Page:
As we move into the swing of our main program season, we’re seeking more ways to bring sustainable farming exchange full circle. MESA is exploring more possibilities with our newest program, Certificate of International Training in Agroecology (CITA). Through CITA, beginning farmers and agriculture students have the opportunity to live and train with MESA alumni and their farming communities.
Read more for highlights from our pilot program and updates on our upcoming partnership with alumni in Thailand.
HIGHLIGHTS FROM OUR PILOT PROGRAM
We’ve come a long way since introducing the CITA program concept last year. Thanks to you and our wonderful supporters who took an on-line survey last spring, we shaped a program that could integrate US farmers with farming communities in Peru and Tanzania. We had five outstanding women from different parts of the US participate in our 1-month pilot programs. As with most pilot programs, after working through a few initial kinks, we ended up with some very worthwhile experiences and new partnerships.
In the Sacred Valley of Peru, we worked with the Andean Alliance for Sustainable Development (AASD) and MESA alumnus Ruben Quispe. AASD co-founders, Aaron and Adam, spent months working with MESA to design this program with hands-on training focused on community development. “Adam and Aaron were great – honest with us, passionate about what they do, committed to the communities and building relationships.” -Emily, CITA steward
The CITA stewards experienced first-hand the impact that the AASD school greenhouse project has on the highland communities.
The AASD is also in the process of developing a demonstration farm in Calca, a hub for several smaller farming communities around the Sacred Valley. MESA hopes to utilize this demonstration farm as a hands-on training site for future CITA programs. In addition to work in the farms and greenhouses, CITA stewards enjoyed field trips to natural hot springs in Lares, Incan archaeological sites in Moray and Ollaytaytambo, meeting with “El Rey de Papas” or “King of Potatoes”, and participating in the communal corn harvest of Choquecancha.
Following training in the Sacred Valley, the CITA Stewards journeyed north to Lima to meet our long-term global partners at El Huerto. Here, the group toured the University of La Molina gardens, harvested produce at a farm in the neighboring city of Mala, transported and sold vegetables at the all- organic Bioferia farmers market in the Miraflores district and visited the ecological demonstration farm named “Casa Blanca”.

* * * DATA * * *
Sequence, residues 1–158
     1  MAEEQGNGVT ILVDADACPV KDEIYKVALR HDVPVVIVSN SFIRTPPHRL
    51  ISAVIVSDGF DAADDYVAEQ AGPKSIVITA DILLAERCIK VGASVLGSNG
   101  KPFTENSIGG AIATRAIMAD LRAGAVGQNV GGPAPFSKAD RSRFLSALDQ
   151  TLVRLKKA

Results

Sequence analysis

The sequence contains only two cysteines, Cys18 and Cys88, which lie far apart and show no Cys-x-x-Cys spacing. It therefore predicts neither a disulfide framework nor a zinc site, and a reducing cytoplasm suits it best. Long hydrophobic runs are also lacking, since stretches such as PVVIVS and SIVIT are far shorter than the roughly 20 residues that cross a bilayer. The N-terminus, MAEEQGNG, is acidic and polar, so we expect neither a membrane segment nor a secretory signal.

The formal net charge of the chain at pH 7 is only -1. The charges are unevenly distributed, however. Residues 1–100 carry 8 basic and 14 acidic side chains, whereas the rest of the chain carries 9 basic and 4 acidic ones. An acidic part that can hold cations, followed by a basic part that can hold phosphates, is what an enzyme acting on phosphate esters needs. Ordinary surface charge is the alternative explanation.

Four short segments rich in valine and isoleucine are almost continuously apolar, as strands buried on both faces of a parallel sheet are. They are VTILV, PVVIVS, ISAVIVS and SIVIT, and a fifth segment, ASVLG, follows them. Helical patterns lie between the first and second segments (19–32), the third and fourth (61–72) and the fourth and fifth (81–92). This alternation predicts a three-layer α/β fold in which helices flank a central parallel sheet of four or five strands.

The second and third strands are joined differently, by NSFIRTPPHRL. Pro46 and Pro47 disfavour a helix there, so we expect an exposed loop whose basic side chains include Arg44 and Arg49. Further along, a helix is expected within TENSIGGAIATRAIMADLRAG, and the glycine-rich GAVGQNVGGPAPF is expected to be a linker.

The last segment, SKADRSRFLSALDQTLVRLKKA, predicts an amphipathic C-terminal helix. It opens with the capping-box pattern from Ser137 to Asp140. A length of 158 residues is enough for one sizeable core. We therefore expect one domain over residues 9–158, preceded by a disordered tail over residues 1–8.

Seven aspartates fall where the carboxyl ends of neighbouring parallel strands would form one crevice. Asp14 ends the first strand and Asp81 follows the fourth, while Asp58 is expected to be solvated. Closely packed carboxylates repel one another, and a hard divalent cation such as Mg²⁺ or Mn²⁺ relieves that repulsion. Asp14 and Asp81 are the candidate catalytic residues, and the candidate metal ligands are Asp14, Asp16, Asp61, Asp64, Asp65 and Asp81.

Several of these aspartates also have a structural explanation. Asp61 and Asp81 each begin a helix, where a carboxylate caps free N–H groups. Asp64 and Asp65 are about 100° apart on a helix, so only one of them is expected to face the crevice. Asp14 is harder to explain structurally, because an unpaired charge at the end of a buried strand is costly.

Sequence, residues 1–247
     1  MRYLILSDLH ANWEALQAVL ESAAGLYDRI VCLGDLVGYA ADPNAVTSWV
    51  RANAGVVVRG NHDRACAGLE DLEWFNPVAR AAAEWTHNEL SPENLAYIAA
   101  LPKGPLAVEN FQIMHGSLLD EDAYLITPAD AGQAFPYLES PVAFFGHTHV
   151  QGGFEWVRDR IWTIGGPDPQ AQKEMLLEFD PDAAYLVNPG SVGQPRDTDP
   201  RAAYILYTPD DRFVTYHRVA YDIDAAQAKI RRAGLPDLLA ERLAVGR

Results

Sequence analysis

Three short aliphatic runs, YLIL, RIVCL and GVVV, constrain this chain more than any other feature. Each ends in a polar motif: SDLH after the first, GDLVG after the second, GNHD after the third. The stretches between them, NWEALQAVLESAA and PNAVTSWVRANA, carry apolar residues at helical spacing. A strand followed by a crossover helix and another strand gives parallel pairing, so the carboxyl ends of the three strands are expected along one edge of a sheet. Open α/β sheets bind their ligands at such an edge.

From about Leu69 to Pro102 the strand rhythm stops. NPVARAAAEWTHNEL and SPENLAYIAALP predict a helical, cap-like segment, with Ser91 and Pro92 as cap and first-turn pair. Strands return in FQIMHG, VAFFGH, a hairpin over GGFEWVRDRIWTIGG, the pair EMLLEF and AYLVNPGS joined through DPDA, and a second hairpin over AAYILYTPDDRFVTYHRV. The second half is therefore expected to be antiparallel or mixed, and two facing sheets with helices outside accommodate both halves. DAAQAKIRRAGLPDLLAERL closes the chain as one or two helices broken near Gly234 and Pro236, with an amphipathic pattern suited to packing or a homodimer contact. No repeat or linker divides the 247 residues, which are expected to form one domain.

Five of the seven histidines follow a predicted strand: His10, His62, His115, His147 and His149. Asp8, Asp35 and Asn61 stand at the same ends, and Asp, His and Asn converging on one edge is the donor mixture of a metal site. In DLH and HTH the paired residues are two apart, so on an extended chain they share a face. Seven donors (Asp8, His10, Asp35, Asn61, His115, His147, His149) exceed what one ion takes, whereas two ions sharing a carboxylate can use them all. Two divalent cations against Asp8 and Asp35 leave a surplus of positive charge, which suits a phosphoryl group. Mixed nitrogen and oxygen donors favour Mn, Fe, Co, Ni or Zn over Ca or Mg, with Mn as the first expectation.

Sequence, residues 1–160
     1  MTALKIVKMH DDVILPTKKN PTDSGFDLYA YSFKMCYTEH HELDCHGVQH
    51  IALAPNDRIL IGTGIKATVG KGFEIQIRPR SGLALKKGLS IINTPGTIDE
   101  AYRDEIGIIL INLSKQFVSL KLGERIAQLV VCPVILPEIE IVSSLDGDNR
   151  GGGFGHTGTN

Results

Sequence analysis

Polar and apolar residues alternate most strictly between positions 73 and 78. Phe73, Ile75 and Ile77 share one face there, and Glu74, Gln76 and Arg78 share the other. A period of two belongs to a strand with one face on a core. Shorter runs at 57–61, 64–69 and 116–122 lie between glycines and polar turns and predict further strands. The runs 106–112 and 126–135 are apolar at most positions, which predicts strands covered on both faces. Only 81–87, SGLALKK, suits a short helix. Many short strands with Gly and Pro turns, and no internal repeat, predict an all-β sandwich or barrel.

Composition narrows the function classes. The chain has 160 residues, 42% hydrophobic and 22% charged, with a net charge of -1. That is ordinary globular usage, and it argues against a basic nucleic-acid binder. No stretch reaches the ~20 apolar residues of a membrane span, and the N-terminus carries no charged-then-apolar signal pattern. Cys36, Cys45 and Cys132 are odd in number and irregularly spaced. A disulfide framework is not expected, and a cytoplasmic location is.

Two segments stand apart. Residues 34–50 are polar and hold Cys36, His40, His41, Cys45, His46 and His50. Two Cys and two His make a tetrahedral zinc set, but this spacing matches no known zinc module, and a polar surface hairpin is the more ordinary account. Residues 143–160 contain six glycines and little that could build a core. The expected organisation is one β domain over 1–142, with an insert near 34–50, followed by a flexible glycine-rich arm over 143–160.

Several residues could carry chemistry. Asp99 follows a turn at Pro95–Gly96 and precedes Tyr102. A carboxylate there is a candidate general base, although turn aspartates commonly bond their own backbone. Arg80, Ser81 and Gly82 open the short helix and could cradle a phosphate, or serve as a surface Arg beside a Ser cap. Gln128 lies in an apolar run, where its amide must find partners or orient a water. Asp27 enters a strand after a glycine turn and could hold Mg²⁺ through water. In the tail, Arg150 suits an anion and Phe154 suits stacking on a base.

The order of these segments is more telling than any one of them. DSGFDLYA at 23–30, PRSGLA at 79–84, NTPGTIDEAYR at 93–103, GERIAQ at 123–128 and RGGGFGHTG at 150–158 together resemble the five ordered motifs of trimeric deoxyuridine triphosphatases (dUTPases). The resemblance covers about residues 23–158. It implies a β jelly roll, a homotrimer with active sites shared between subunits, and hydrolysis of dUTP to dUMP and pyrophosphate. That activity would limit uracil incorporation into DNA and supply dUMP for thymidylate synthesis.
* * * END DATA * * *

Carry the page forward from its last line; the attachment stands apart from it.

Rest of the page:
“The people that we met in Lima were more than wonderful. Again, passionate about what they do, interested in creating our experience in Peru, and interested in our lives outside of the program. I loved spending time with them, and I definitely feel like we could have easily spent more time there. I felt very well taken care of.” -Emily
After their month long trek through agricultural traditions in some of Peru’s most distinct regions, the stewards left us with valuable feedback to help us develop CITA for the future.
“I wanted more time with everyone! I think this was a wonderful group of mentors who were flexible and patient with us and the program, and really made sure we were getting a lot out of our visit.” -Kathleen
One of the most resounding remarks from the pilot participants was to extend the program length so training could be focused in more specific areas. MESA is now ready to embark on a longer, more comprehensive program with our global partners in Thailand.
UPCOMING CITA PROGRAM IN THAILAND
Michael B. Commons, Earth Net Foundation, Thailand
After a number of years as a MESA global partner, Earth Net Foundation is happy to be developing a CITA program in Thailand to invite young farmers and others interested in sustainable community development and self-sufficiency to learn from its organic farmers and farmers’ organizations and experience Thai rural culture.
We are planning to launch CITA as a three-month winter program, starting early November. The program will include a 2-week starter course mixing intensive Thai language and Thai self-sufficiency basics at the Wanakaset Learning Center. The center is famous for its dissemination of the Wanakaset (organic agro-forestry) principles and practices, which look not only at growing multilevel food and herb forests, but on how to use and transform one’s natural resources to meet all of the basic human needs, food, medicine, household goods, or to improve the soil’s fertility.
After this cultural and ecological immersion, CITA stewards will live and work in the field with some of the most recognized and respected new generation organic farmers, many of them MESA alumni, and their farming organizations.
One such prospective host is Apisak Kamphen, who after returning from his MESA program with Dripping Springs Garden in 2009, has gone on to develop a CSA network with three other new-generation farmers in his community. In a time where farmers are getting older and older, the community of Mae Tha is an inspiration. Farmers like Apisak and his colleagues are showing that organic techniques and other creative approaches can make farming a very viable and attractive profession. Set in a lovely valley with its rich community, traditions, and well-managed forest, Mae Tha is one of the bright spots in this world, showing how doing things the right way can be so rewarding.
While Thailand may have more notoriety for tourists in its beautiful beaches and exotic cuisine, Thai locals are blessed to have a number of next generation farmers who understand the ecological impact of industrial agriculture and are moving toward more sustainable methods . Earth Net is happy that while many of our farmers have had a chance to learn and experience the organic life in the USA, now we can return the favor.